Influence of rivalry among competitors
Rivalry is the competitive struggle between companies in an industry to gain market share from each other. A more intense rivalry usually means that there are lower prices and more spending on non-price-competitive weapons. These would be things such as in-flight complimentary items like drinks and snacks. A more intense rivalry will lower prices and raise costs. This means that this makes the window for profitability smaller. If the rivalry is less intense, the company can raise its prices and spend less money on non-price-competitive weapons. This would mean an increase in industry profits. There are four main factors that deal with the intensity of rivalry among competitors in an industry: industry competitive structure, demand conditions, cost conditions, and exit barriers.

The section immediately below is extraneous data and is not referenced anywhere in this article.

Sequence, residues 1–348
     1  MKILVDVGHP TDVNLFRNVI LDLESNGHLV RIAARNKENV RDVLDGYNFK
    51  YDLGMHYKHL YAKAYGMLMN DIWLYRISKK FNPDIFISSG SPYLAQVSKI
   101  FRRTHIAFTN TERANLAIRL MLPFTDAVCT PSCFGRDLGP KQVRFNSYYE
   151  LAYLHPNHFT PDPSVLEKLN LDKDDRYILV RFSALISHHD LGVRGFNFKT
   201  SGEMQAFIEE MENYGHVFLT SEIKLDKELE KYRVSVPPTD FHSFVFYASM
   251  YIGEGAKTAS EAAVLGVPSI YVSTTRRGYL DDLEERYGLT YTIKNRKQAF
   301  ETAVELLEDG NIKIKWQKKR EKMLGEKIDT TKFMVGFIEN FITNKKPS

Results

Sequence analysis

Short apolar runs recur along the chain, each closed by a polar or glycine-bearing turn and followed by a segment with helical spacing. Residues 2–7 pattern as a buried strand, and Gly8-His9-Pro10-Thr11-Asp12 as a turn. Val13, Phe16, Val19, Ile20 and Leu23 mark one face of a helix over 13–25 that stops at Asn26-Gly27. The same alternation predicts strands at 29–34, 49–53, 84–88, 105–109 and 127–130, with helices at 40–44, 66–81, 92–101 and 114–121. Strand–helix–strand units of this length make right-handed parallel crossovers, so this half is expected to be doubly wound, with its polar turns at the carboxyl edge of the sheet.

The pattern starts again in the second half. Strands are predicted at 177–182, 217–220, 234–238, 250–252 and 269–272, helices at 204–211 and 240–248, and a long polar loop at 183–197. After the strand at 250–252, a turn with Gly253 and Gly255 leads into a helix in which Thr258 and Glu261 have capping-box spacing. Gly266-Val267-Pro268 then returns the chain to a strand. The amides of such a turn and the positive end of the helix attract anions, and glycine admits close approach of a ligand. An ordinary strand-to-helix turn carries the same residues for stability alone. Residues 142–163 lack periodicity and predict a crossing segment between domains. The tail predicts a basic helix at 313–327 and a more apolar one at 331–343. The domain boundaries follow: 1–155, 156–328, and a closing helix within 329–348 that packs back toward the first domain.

The competitive structure of an industry refers to the number and size distribution of companies in the industry. There are two types of industries: the fragmented industry and the consolidated industry. A fragmented industry is an industry with a large number of small to medium sized companies that aren’t in a position to determine industry prices. This is not the airline industry. The airline industry is a consolidated industry, which is an industry dominated by a smaller number of larger companies that are in position to determine industry profit. Companies in the airline industry are interdependent, because any competitive move that they make directly affects the market share of its rivals and their profits. If one company makes a move, this makes the other companies have to react to that move. So if a big company like Southwest airlines significantly drops their price or offers something like free luggage, a company like US Airways will have to think about either matching that offer or making a better one. The rivalry between companies increases as companies try to have the lowest price or offer more value to the customers. This in turn...
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